Family Therapy is Cutting Edge Treatment
for a Family Disease
Eating disorders are
young children, teens and young adults who live at home become afflicted
with an eating disorder, everybody who comes in contact with that
individual suffers - including parents, siblings and grandparents.
tend to be the primary diagnosticians of an eating disorder in their
child. This is because eating disorders predominantly show up around
kitchen tables, and in family bathrooms, rarely in the doctor&Mac226;s
office. In addition, their presence is typically silent in laboratory
Recovery too, happens at home, over time, alongside parents and
siblings, throughout the course of daily living; this is particularly
the case in the face of the limited services provided through managed
care these days. Patients typically spend 45 minutes a week with their
therapist or doctor. For the rest, 24/7, kids live out their recovery at
home, or at school.
research carried out at the Maudsley Hospital of London England, it has
been proven that family treatment is more effective than individual
psychotherapy for anorexics living at home that have been ill for less
than 3 years.
nature of parental involvement will vary widely with the age and needs
of the child, the skills and capacities of the parent, and the nature
and quality of the ever-changing parent/child CONNECTION.
Family Therapy is the most effective way to treat everyone’s needs.
Parents and siblings are deeply affected by the presence of an eating
disorder within the family system. Family members need an outlet to
understand the disease and recovery processes, a forum to communicate
their concerns and needs with the patient and with each other, and the
opportunity to learn how best to support the recovery process. They often
need personal support and bolstering in the face of what typically tends
to be an extended, convoluted and at times discouraging recovery process
for the afflicted individual. Family therapy provides that vehicle.
The individual child's efforts to make recovery changes are facilitated
and enhanced not only by a family that understands the recovery process,
but by family members who make their own parallel personal changes to
accommodate the needs and requirements of the changing child and family
Eating disorder psychotherapists are responsible to "grow" the
relationship between parent and child, for that is where the greatest and
most effective capacity for healing lies. Therapists must demonstrate
respect for the power of the family system in eradicating (or possibly
The potential for the family unit to bring about constructive change is
far greater than the sum of its parts. Kids get far better, far faster
when families can be involved in constructive ways. Not only that, kids
who learn to function better with family members carry these valuable
interpersonal skills over into their other relationships as well, and life
gets to be a healthier, happier place to be.
Appropriate parental involvement is an enhancement to recovery, despite
the warnings of misguided health professionals who may imply that eating
disorders are caused by parental involvement (interference) in their
children's lives, that the disordered adolescent requires autonomy and
independence from parents in order to get well and separate healthfully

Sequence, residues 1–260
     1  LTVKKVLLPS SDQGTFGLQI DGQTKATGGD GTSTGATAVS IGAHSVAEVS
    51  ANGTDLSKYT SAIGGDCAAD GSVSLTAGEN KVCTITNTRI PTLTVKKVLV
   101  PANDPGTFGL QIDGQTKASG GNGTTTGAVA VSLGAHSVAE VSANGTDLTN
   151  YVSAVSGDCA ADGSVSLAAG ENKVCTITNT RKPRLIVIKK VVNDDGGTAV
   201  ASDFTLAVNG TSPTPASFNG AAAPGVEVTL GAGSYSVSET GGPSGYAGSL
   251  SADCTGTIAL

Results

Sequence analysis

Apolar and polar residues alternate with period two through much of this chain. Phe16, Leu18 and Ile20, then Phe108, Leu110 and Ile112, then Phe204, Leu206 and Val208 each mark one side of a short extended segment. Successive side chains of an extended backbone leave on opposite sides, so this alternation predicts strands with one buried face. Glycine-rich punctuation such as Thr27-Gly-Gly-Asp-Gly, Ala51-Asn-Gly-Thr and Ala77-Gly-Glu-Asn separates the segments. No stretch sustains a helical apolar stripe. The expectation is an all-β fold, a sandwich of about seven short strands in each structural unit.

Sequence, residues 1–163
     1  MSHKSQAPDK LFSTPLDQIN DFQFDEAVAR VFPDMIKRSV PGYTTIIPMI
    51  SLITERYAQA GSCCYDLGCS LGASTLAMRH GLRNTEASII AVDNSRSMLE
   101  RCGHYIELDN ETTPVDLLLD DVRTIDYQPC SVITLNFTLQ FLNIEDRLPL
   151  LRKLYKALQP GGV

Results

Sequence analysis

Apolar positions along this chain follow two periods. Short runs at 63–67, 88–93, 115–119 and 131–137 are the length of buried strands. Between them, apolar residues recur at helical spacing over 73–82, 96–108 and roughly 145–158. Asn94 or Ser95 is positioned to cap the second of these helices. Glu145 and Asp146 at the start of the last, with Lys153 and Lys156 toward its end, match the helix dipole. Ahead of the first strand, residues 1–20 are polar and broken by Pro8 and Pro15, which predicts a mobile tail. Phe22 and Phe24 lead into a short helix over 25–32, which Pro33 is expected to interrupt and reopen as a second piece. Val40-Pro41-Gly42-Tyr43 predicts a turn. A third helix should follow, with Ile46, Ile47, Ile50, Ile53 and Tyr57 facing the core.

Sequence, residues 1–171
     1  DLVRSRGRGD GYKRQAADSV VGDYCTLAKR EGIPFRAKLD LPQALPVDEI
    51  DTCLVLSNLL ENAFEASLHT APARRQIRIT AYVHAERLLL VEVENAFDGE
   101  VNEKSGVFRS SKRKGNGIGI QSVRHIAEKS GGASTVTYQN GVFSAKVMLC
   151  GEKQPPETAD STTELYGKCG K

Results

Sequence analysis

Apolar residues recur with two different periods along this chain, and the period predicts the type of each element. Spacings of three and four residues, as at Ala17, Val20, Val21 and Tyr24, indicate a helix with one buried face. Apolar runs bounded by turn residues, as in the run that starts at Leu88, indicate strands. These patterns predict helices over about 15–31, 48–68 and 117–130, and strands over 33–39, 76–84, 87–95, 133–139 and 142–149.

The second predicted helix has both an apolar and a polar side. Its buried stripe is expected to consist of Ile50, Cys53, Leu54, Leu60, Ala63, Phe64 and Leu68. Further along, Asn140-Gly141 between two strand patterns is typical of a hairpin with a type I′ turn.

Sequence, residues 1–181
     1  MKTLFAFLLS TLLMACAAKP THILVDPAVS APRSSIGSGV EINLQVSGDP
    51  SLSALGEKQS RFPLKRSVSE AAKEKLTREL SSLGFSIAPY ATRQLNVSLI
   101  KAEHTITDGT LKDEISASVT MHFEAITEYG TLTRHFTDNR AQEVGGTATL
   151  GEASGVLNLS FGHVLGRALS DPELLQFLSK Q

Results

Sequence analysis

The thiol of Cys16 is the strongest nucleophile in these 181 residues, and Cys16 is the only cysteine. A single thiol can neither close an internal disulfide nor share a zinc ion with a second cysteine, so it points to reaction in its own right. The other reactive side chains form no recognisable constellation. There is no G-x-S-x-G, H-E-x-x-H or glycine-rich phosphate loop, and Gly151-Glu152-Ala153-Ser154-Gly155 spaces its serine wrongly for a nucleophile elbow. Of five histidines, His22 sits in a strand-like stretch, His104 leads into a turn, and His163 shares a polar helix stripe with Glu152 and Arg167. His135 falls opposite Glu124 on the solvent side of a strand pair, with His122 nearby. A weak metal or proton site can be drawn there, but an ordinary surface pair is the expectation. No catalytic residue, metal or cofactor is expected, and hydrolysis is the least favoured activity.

from the family. Such a professional might exclude the child's parents
from the psychotherapy process in order to protect patient/therapist
privilege (confidentiality rights). This kind of advice would indicate
that the professional is unaware of the unique needs and requirements of
eating disorder treatment, the benefits of conjoint family treatment for
the child who lives at home, or the power of the family system to support
the child&Mac226;s recovery. It might also indicate a therapist who is
either untrained or inexperienced with eating disorder treatment or is
otherwise uncomfortable facilitating family treatment.
Loving one’s child is not enough. Parents need to act on the knowledge
they acquire. Parental involvement may vary from providing:
On-going and unconditional support day in, day out.
Nutritious meals which they prepare and sit down to eat together with
monitoring of food intake and symptom management,.
Involvement in family treatment to support the child and recovery
process and to resolve underlying emotional issues that may be driving
Psychotherapist Abigail H. Natenshon
(MA, LCSW, GCFP)
has specialized in the treatment of
eating disorders with individuals, families, and groups for the past
31years. She is the author of When Your Child Has An Eating Disorder, A
Step-by-Step Workbook For Parents And Other Caregivers, Jossey-Bass, 1999.
Based on hundreds of successful outcomes, this book shepherds concerned
parents step-by-step through the processes of eating disorder recognition,
confronting the child, finding the most effective treatment for patient
and family, and evaluating and insuring a timely recovery. A guide to
eating disorder prevention, this book is useful to parents, health
professionals and school personnel alike in countering the pervasive
epidemic of unhealthy eating and body image concerns, and destructive
media and peer influences.
Abigail is also a Guild Certified Feldenkrais
Practitioner. Her work can be reviewed further at
www.empoweredkidZ.com and her
book is available through Amazon.com
Abigail H. Natenshon, MA, LCSW, GCFP
Author of "When
Your Child Has an Eating Disorder:
A Step-by-Step Workbook For Parents and Other Caregivers"
A Family Approach to Healthy Eating,
Positive Body Image and the Prevention and Healing of Eating Disorders